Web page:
Please use this identifier to cite or link to this item: http://scholarbank.nus.edu.sg/handle/10635/18213
Title: Universal Morality in Japanese Tradition
Authors: RYOKO KITASAKA
Keywords: moral universalism, cultural particularism, tradition, morality, Shinto, Japan
Issue Date: 8-Dec-2009
Source: RYOKO KITASAKA (2009-12-08). Universal Morality in Japanese Tradition. ScholarBank@NUS Repository.
Abstract: This thesis analyses the tension persisting in the debate on moral universalism versus cultural particularism by reassessing two common assumptions: 1) that traditions are either universal or particular, and 2) that persuasion is the appropriate method of cross-cultural conversation. Examining Japan?s Shinto, a seemingly particularist creed, I argue against the first assumption: Shinto displays both particular and universal perspectives. This in turn suggests the plurality of universal moralities across traditions. Henceforth I move onto the second assumption: how to recognize one another?s moral principles. Although embracing universal elements, Shinto ideas constitute particular backgrounds with specific ideals. Moreover, Shinto?s moral teaching begins with individual morality. Therefore, I argue that one should recognize Shinto morality voluntarily rather than as a result of persuasion. Reconsidering the universalist/particularist debate, this thesis aims to broaden one?s view on other people?s traditions.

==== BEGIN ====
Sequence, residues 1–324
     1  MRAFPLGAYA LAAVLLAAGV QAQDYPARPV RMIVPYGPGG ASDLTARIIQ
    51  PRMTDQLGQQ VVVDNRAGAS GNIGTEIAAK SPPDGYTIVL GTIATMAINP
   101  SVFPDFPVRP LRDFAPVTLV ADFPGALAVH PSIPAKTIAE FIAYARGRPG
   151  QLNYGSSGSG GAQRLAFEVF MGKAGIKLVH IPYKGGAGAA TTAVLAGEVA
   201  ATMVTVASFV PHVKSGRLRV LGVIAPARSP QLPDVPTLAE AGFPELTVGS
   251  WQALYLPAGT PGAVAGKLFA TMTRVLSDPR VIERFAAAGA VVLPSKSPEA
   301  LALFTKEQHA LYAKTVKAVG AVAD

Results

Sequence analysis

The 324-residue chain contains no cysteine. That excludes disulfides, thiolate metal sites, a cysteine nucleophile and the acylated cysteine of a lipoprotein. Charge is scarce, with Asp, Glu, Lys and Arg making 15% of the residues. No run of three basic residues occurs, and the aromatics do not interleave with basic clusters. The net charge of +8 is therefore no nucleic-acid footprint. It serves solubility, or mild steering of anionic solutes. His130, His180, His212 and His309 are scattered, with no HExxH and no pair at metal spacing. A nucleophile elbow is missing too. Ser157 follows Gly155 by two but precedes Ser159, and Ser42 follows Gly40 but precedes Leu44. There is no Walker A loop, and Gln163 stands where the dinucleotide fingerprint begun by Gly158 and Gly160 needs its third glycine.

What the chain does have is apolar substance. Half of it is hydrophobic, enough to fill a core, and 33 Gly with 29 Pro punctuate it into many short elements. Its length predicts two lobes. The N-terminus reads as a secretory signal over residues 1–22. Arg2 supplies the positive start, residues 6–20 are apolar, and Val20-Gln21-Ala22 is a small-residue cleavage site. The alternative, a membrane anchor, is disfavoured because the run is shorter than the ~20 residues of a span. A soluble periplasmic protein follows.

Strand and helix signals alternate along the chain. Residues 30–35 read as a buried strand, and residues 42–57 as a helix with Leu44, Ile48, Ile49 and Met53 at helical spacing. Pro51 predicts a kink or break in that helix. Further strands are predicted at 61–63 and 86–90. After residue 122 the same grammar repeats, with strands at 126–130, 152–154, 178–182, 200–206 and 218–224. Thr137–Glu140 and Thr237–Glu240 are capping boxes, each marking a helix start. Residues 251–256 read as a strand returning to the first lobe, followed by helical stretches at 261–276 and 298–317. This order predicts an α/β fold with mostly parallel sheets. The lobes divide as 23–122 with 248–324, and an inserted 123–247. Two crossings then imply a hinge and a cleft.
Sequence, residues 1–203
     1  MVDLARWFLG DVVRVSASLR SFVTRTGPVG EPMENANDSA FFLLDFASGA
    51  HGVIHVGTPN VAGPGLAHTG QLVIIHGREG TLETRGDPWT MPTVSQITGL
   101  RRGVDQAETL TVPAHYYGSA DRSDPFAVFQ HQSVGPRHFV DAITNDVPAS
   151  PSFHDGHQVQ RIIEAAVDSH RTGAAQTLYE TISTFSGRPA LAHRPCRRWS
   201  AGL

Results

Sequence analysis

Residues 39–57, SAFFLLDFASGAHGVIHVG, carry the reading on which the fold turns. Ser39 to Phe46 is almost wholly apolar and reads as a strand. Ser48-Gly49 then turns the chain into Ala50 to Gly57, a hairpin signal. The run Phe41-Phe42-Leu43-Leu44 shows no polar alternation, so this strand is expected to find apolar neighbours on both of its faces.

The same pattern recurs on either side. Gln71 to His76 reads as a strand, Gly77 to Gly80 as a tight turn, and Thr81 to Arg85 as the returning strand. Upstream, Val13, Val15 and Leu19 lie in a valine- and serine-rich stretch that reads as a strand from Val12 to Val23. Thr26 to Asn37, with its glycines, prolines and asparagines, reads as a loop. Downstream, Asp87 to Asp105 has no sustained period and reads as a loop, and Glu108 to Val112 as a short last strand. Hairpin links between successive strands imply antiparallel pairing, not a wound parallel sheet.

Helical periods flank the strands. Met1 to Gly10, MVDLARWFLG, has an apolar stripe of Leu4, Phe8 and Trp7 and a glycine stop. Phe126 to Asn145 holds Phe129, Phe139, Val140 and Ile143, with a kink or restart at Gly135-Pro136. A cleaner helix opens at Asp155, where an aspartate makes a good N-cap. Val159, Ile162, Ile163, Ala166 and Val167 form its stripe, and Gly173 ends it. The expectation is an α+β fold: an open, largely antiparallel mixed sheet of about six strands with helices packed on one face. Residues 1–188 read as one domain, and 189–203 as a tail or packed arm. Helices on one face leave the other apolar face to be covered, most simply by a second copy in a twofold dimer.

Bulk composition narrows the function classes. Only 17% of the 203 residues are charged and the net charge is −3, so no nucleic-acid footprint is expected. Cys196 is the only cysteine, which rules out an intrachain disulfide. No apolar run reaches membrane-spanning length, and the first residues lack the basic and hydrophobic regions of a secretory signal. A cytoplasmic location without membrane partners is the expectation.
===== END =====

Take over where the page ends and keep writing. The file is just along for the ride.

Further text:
URI: http://scholarbank.nus.edu.sg/handle/10635/18213
Appears in Collections:Master's Theses (Open)

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